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The bride price
March 9, 2007, 8:37 pm
Filed under: Crazy and dangerous: in the mighty name of love

In the land of hakuna matata”,  men have been known to do dangerous games in the mighty name of love. Sanaipei ole Ndutu, woke up one freezing morning ready for game hunting, armed only with a spear, a club and a sword strapped to his waist. His game-a lion of the pride rock, East of the great Tsavo. This was the asked bride price by the father of the bride Sanaipei so loved and wanted, to be the father of his children. It is not unusual, that was what Seno ole Seii (the father of the bride), had to pay and so did many other men. Well, Sanaipei walks towards the plains of Tsavo hoping that before nightfall he will have made it to pride rock.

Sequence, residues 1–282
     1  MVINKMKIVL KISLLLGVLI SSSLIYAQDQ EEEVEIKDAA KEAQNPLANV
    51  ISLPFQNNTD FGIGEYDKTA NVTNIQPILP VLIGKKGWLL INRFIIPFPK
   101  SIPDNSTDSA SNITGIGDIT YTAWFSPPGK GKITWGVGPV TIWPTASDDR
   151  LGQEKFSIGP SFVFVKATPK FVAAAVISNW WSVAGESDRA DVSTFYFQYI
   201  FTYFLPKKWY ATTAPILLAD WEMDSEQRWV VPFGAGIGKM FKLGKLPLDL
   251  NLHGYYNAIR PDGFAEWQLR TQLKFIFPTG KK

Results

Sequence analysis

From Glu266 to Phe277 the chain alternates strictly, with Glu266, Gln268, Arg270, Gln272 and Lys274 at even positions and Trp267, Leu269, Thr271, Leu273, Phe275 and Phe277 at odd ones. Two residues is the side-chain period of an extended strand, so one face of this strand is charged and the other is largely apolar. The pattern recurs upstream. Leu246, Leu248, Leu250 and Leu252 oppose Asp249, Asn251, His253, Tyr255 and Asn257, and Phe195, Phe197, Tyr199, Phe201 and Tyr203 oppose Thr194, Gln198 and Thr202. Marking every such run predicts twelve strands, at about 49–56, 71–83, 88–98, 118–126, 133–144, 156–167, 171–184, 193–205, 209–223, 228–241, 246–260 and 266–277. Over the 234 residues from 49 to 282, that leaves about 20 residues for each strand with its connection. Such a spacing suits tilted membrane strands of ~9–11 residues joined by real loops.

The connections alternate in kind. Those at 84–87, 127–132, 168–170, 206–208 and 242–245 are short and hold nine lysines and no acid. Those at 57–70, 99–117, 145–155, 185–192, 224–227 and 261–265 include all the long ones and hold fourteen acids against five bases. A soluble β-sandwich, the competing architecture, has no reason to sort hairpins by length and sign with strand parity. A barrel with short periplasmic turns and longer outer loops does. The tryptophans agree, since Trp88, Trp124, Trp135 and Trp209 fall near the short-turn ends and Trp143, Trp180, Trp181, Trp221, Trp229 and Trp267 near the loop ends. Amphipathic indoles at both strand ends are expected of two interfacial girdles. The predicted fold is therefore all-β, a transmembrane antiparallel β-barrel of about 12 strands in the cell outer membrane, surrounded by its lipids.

What kept sanaipei going? Was this for love, showmanship or, to prove to the community that he is not a lesser man? As he whistled the tunes of the warriors in rememberance of the great heroes of the past he walked along. The best training he had, towards his fete, was, ‘the leopard hunts by stealth; not speed’. That was enough training to put youto the test. Did I say test? Oh. This is the real deal, you either win or make a door-delivery easy meal. And as the story goes, Sanaipei, died trying, so did his remains tell the tale. He wasn’t a good enough suitor. Failing to reach his end of the bargain, he lost the commodity. Was the girl that beautiful to deserve the lives of her suitors? Well analyse this; missing teeth in her lower jaw, a sacrifice for beauty; pierced ears with holes the size of a door knob, hair smeered with red ochre, bare breasts, hard roasted skin, in the seething heat of Tsavo. Yes, she was a beauty in all the land of Hakuna matata, and more men would have tried, had malaria not claimed the life of the village beauty, Seina.